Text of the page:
In the 31st edition of this competition in 2006, the wind prevented fast running times among top runners, with an exceptionally exciting finish for the title among the men. Newcomer Solomon Bushendich (2.08.52) from Kenya defeated his fellow countryman Bernard Barmasai by just two seconds. Most noteworthy was the record number of participants, with over 22,057 runners from 63 different countries competing in the various distances.

On 16th October 2005, the 30th anniversary was made extra special with a record performance by the men for the third year running. None less than Haile Gebrselassie beat Robert Cheboror’s previous course record gained just a year ago by 3 seconds. The 31 year old Ethiopian’s record time of 2.06.20 was also the best gained worldwide in 2005, and takes tenth place in the all-time world rankings. Another highlight was the new record number of participants. No less than 19,900 runners from a total of 61 different countries took part in the various distances.

Robert Cheboror wrote history in 2004 by breaking Kipsang’s track record which has been set only the year before, finishing in 2.06.23. This time put him in third place in the world’s ranking of fastest runners in 2004, and tenth on the all-time world list. Another record that was broken was the number of participants in the marathon. Record figures for 2003 were shattered by an additional 4,000 runners appearing at the start, increasing the total number of participants to 15,926.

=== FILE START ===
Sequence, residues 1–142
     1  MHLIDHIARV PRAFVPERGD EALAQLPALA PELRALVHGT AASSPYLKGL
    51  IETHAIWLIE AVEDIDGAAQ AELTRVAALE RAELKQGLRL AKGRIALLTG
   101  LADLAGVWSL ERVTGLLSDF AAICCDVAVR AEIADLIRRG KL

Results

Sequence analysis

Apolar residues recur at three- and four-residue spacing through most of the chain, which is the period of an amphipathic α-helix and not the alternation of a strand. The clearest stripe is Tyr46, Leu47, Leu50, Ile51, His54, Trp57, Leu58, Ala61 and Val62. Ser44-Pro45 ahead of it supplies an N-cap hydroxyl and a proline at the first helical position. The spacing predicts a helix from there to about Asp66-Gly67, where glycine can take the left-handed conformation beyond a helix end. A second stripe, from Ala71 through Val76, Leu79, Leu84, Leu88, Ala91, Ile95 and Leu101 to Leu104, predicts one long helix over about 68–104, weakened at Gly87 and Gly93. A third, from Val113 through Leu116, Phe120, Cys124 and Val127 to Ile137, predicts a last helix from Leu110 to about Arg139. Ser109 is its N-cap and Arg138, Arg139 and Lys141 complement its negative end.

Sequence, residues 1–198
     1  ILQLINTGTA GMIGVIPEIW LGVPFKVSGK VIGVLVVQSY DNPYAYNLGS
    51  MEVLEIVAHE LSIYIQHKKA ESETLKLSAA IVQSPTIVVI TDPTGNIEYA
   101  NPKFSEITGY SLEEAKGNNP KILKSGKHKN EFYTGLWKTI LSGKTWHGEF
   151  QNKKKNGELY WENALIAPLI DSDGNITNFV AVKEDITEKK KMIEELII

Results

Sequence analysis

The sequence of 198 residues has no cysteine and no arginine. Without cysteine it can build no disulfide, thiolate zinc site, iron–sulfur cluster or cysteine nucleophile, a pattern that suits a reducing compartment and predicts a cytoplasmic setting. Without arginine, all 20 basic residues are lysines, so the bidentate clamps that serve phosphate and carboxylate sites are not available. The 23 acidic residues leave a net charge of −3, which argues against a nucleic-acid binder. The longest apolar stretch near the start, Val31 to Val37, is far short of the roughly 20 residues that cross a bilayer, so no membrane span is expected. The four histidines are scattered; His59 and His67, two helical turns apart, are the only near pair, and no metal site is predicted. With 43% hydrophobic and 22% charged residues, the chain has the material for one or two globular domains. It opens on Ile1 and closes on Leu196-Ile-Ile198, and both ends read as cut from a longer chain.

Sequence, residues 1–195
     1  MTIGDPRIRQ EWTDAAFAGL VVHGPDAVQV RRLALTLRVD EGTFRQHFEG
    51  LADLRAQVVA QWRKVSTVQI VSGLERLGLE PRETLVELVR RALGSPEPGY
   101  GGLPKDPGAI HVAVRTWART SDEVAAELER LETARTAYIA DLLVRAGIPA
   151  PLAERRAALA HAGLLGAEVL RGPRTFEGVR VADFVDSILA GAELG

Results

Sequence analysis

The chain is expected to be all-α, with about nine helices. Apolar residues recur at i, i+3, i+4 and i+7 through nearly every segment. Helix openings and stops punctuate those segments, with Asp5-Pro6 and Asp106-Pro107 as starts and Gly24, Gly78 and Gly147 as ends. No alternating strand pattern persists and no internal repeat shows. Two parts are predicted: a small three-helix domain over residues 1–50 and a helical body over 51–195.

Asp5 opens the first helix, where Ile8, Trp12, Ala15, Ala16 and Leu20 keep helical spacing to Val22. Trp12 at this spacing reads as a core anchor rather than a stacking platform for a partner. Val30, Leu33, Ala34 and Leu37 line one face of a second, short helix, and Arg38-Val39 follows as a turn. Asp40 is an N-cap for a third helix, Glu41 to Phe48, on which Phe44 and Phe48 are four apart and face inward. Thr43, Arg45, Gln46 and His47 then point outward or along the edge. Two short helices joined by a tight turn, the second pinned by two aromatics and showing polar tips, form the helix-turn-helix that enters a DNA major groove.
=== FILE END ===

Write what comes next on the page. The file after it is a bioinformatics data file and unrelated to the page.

The 28th ING Marathon 2003 was a marathon in which many records were broken. With a finishing time of 2.08.31 Kamiel Maase impressively improved the old Dutch record set by Gerard Nijboer 23 years earlier. 26-year-old Kenyan athlete William Kipsang broke the track record with 2.06.39 to find himself in fourteenth place on the all-time world list. After dropping to fifth place in 2002, Amsterdam convincingly passed Rotterdam in 2003 to take fourth place on the world ranking of on average fastest marathon cities, and the highest ranking marathon in the Netherlands.

The tradition of fast times was continued in 2002 by no less than six competitors all running under 2.09.00. Winner was Benjamin Kimutai Kosgei from Kenya who finished in 2.07.26. Equally amazing was the track record for women run by Ethiopian Gete Wami (2.22.19) and the 40% increase in the number of participants, which exceeded 10,000 for the first time.

In response to requests from the many amateur runners who wanted to finish within a certain time limit, the organisation introduced a six-hour time limit for the full marathon in 2001. The finish venue in 2000, the Olympic Stadium also became the start venue in 2001. Thanks to the sports achievements of Frenchman Driss El Himer (2.07.02) and Josphat Kiprono (2.07.06) Amsterdam went up to number four on the world’s list of fastest marathon cities, again confirming Amsterdam’s growing importance since the late nineteen nineties.